“On the Waterfront” - Elia Kazan (1954)

On the Waterfront (1954) stands as one of the most famous and honored films of its period and for a number of reasons [1].  It was nominated for twelve Oscars (Academy Awards) and won eight of them, including those for Best Picture, Best Director, and Best Actor.  And in 2007 it was ranked by the American Film Institute as the nineteenth-greatest American movie of all time [2].  It is also probably actor Marlon Brando’s most famous performance [3].  In addition, there were socio-political aspects of the film that were associated with controversial political activities of the time.  The film's story was inspired by a series of articles, Crime on the Waterfront, by Malcolm Johnson that won a Pulitzer Prize in 1949.

Oscar-winning director Elia Kazan was already famous as both a stage director and film director, and in particular, he was noted for directing dramas that had social ramifications.  And such was the case here, too, in On the Waterfront, which concerned corruption among longshoremen’s dock workers unions in the U.S.  The film is a drama about a longshoreman who is asked to testify against union corruption under threatening circumstances.  But that was precisely a situation that Kazan, himself, had faced in real life when he was called in 1952 by the House Un-American Activities Committee (HUAC to testify about his past membership in the American Communist Party and to provide names of professional colleagues who had also been members.  Facing the threat of being black-listed, Kazan did supply some names, and for that he was later accused in the film profession of being a traitor to the cause of free expression.  Anyway, some critics have since felt that On the Waterfront was Kazan’s answer to this criticism.  Although this matter may be an interesting topic of discussion for some, to me it is a distraction from looking at the film’s own merits, and I will not discuss it further here.  For those interested, you can find more information about this HUAC issue here [4,5].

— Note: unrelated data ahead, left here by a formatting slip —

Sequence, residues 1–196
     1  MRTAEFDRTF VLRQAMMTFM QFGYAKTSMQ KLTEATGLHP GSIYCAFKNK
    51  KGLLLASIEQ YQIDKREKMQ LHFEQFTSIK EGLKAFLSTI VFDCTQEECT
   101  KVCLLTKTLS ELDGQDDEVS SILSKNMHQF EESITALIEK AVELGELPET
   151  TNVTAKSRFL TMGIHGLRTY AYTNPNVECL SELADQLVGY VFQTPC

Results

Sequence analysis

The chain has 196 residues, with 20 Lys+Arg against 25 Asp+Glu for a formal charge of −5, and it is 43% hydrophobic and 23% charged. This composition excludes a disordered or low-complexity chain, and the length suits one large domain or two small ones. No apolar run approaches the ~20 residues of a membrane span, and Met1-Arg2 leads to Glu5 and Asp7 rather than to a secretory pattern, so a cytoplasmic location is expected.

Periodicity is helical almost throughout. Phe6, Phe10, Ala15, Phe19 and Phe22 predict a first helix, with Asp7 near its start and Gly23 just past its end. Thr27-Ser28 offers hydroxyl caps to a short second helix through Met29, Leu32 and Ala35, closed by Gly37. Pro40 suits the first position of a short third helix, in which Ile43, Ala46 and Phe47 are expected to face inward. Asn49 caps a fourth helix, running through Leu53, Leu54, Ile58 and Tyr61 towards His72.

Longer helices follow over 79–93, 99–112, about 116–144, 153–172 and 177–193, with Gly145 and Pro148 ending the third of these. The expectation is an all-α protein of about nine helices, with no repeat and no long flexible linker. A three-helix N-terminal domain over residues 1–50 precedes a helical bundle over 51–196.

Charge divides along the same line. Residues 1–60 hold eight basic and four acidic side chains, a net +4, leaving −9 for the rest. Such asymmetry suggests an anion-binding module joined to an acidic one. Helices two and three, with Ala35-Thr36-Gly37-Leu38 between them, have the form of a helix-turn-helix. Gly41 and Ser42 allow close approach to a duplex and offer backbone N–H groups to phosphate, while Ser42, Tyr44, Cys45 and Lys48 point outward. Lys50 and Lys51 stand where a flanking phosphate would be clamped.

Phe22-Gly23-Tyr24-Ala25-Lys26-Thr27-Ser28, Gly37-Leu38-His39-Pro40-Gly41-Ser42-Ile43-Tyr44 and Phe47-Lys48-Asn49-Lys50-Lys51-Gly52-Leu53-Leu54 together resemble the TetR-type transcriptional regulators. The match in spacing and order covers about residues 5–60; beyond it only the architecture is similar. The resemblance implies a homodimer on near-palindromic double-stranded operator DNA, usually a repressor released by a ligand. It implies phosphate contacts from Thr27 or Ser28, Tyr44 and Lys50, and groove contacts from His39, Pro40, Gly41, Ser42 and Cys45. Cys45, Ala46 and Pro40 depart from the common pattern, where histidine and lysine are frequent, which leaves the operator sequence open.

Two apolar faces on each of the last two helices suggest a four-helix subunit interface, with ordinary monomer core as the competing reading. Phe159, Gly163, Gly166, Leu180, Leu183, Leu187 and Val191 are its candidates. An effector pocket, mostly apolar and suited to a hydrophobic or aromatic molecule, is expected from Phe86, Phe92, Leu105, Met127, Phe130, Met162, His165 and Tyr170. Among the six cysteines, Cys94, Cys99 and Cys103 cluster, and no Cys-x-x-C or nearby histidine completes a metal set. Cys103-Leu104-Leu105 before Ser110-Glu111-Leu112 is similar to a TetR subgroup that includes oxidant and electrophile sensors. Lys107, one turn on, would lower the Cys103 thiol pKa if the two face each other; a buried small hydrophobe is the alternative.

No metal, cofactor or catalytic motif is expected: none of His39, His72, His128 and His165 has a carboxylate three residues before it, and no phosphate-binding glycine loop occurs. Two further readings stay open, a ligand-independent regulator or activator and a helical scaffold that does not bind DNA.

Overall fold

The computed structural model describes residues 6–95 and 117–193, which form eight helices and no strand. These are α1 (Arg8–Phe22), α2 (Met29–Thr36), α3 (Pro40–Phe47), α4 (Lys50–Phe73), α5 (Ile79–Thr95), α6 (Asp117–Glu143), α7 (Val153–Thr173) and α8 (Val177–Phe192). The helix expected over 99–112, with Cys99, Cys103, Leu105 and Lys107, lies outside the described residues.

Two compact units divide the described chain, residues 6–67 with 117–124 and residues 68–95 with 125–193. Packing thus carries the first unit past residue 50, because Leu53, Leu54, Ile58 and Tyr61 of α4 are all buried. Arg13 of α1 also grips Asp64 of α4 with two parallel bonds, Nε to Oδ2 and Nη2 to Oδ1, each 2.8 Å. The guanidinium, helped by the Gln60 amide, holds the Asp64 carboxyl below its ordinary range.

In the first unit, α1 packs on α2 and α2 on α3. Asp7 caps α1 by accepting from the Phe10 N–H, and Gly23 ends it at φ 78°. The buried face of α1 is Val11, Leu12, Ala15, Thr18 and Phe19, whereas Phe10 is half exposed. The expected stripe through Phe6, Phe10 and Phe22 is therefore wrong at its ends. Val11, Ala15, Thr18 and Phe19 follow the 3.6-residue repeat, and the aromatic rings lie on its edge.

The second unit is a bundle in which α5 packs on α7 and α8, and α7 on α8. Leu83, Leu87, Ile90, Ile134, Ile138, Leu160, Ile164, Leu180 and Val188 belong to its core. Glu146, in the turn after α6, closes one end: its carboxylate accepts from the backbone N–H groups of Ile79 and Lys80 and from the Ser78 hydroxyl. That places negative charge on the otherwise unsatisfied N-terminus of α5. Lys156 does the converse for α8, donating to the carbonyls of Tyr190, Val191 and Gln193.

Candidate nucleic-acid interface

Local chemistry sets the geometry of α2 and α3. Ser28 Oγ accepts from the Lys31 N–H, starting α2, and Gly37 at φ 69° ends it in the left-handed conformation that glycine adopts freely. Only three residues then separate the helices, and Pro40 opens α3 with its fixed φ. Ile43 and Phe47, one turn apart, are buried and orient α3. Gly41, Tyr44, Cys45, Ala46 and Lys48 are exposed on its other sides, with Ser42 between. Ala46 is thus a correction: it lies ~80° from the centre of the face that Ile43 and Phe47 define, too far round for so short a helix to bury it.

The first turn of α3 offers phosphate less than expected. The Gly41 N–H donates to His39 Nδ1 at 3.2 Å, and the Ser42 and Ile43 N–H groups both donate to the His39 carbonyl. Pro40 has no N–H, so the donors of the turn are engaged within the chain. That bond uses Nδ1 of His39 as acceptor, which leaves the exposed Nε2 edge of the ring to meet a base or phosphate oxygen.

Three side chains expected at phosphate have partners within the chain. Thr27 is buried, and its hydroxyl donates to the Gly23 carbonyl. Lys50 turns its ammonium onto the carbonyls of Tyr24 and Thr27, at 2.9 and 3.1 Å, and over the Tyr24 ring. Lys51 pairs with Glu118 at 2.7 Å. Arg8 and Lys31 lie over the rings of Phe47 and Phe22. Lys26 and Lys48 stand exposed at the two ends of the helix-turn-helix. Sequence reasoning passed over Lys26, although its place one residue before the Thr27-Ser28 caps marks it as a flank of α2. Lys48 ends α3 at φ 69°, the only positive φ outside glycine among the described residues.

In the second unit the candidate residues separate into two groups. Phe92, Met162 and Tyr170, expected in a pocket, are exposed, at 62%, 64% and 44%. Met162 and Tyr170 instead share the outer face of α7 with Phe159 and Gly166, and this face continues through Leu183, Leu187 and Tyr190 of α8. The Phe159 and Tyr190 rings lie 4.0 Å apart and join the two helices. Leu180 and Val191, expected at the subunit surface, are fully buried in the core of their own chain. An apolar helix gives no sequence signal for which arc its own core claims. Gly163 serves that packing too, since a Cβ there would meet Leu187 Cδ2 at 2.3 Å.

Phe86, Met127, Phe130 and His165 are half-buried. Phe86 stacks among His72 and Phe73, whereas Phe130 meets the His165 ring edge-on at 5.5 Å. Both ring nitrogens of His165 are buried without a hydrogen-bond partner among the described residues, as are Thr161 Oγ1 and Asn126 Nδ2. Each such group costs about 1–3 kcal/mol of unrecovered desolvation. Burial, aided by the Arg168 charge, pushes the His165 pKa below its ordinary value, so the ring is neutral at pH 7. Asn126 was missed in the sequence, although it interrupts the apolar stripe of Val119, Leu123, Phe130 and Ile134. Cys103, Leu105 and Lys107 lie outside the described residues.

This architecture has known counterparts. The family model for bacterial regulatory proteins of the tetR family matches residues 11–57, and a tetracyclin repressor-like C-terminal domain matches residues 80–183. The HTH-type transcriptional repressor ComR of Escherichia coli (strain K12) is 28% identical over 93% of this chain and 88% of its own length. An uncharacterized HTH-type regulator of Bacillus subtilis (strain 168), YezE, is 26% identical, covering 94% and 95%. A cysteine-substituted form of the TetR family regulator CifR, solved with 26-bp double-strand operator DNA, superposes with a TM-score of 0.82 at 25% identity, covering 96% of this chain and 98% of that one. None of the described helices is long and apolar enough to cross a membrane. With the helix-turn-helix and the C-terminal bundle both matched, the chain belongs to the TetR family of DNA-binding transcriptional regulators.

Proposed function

Certainly On the Waterfront had its own merits on which to stand [6,7,8].  The film featured outstanding production values, and it won Oscars in this area for Best Story and Screenplay (Budd Schulberg), Best Cinematography (Boris Kaufman, who years earlier was the cinematographer for Jean Vigo’s L’Atalante (1934)), and Best Film Editing (Gene Milford).  The acting was superb, as well.  Oscar-winning Brando, of course, was famous for his Stanislavski-inspired Method acting, and he showed if off to good effect in this film.  But there were four other acting performers who also received Oscar nominations – Karl Malden, Lee J. Cobb, Rod Steiger, and Eva Marie Saint (in her first feature film appearance – she would later memorably appear in Hitchcock’s North by Northwest (1959)).  One Oscar nominee whose contributions were, to me, of lesser value was musical composer Leonard Bernstein.  Although I delighted in Bernstein’s music for West Side Story (1961), his music here in On the Waterfront is often intrusive and distracting to the narrative flow.

The story of On the Waterfront is dominated by five people (all Oscar nominated roles, by the way) who represent contrasting perspectives on life:
  • Terry Malloy (played by Marlon Brando) is a longshoreman who had once had a promising career as a prize-fighter.  His perspective now is to just look out for himself.  At one point he says that his philosophy is “do it to him before he does it to you”.  But he does have a conscience, and it is that side of him that some others appeal to.
  • Father Barry (Karl Malden) is a local priest.  He preaches that Christ is always beside you, but more importantly, he believes in reliance on the rule-of-law in order for justice to be maintained for all.
  • Johnny Friendly (Lee J. Cobb) is the ruthless and corrupt longshoremen’s union boss who will stop at nothing in order to maintain his supremacy.
  • Charley "the Gent" Malloy (Rod Steiger) is Terry Malloy’s older brother and the #2 man in the union hierarchy.  He has conflicted loyalties – he is an opportunist who profits from working under Johnny Friendly, but he also doesn’t want to see harm come to his brother.
  • Edie Doyle (Eva Marie Saint), a convent student studying to become a nun, falls in love with Terry.  She believes in personal virtue, but she wants to run away with Terry in order to escape the widespread evil that she sees infecting the dockside.
All of these characters are very theatrically played, and yet the raw reality of the dockside settings in Hoboken, New Jersey, near New York City, lend a quasi-neo-realistic feeling to the proceedings.  But the five perspectives listed here form the basis of an ethical/moral debate that is at the heart of the story.  The On the Waterfront narrative goes through about eight sequences that constitute the story.  Each one of these segments features moral discussions about what is the right thing to do.

1.  An Injustice